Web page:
NASA's New Horizons Will Fly Much Closer to a Hunk of Rock and Ice Than It Did Past Pluto

During the summer of 2015, the New Horizons spacecraft stole Earth's heart by swooping over Pluto and sending home the best images we'd ever seen of the demoted planet. But after its big moment in the spotlight, NASA figured it might as well go on a new adventure—and the agency just announced how good a view they're planning to snag of the destination.

Its next target is what's called a Kuiper Belt Object, thanks to its location in what's similar to a second asteroid belt, a broad ring circling the solar system outside of Neptune's orbit. (Pluto is also a Kuiper Belt Object, but the rest of the region was only discovered in 1992.)

This particular Kuiper Belt Object, called 2014 MU69, landed in the spotlight mostly due to dumb luck. It's one of just a few objects we know of that New Horizons can reach on the fuel it has left—when the spacecraft finally reaches MU69, it will have travelled more than 4 billion miles since it left Earth.

An artist's representation of what New Horizons could look like approaching 2014 MU69. Carlos Hernandez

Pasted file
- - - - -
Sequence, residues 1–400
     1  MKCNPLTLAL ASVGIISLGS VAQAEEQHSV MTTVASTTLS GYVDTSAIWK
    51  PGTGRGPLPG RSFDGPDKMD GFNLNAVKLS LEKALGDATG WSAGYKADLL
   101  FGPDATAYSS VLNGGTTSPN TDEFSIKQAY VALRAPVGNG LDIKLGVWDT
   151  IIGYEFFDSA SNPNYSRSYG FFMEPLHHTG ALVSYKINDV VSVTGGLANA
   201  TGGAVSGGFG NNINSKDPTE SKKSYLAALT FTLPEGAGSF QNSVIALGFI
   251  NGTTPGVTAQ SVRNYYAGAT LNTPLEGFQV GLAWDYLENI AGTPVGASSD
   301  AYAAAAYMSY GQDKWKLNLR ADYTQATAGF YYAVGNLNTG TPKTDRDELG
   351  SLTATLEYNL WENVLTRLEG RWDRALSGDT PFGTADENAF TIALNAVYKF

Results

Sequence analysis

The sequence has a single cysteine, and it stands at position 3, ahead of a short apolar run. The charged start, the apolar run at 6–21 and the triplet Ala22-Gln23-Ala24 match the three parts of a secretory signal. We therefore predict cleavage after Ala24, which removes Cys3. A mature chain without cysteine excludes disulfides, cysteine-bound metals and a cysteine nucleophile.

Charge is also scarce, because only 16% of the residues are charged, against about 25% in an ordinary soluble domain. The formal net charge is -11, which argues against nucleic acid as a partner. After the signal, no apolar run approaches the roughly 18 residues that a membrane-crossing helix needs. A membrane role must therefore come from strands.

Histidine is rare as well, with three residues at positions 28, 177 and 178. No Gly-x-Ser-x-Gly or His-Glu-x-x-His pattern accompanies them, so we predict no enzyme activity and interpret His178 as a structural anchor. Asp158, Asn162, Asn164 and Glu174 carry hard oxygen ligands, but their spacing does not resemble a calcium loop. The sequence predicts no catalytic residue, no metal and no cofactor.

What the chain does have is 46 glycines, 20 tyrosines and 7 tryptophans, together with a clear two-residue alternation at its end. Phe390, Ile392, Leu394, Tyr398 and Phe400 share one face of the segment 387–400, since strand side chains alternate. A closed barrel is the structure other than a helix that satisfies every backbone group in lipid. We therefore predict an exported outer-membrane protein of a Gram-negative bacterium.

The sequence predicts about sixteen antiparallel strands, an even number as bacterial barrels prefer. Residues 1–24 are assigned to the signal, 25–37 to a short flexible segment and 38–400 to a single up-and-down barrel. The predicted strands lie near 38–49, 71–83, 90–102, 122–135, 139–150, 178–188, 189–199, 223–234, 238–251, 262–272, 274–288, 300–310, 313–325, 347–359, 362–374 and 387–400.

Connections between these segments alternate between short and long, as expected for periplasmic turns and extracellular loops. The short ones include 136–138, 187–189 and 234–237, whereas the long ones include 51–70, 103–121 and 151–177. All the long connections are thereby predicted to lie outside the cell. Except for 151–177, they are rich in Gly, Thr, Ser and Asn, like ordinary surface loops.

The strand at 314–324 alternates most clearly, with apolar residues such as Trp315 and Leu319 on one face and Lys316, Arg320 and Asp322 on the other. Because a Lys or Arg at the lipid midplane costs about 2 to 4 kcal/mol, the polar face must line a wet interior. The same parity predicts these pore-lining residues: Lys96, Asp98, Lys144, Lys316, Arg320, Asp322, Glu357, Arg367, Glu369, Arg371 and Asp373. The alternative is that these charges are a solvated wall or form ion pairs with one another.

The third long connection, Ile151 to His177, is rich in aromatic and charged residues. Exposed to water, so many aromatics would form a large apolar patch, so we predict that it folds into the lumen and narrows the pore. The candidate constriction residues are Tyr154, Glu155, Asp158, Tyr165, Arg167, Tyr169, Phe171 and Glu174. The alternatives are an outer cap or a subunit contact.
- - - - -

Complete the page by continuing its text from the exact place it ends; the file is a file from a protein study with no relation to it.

In fact, MU69 hadn't even been spotted when New Horizons first left Earth, and we still don't know all that much about it, same as other Kuiper Belt Objects. It probably formed at about the same time as the rest of the solar system, more than 4 billion years ago. Where asteroids are made of rock, Kuiper Belt Objects are likely in large part hunks of ice with rock mixed in.

When it comes to MU69 specifically, scientists aren't sure if it's one larger chunk or two smaller ones tagging along together. NASA has been passing its time before the flyby, running experiments from Earth to try to pin down its size, with current estimates topping out at just 20 miles long.

All that uncertainty is why scientists are so excited for this next phase of the New Horizons mission. And Wednesday NASA announced just how spectacular a view we can expect.

Ideally, New Horizons will fly just 2,175 miles above the surface of MU69, which would let its longest range camera spot features that are just 230 feet across—that's smaller than a football field. If it turns out there's lots of junk in MU69's neighborhood that could damage the spacecraft, it will fly farther away from the object, but within 6,000 miles. Either way, the spacecraft will get a better view of MU69 than it did of Pluto, which it stayed 7,800 miles above.

The flyby will happen on January 1, 2019. That's quite a New Year's celebration.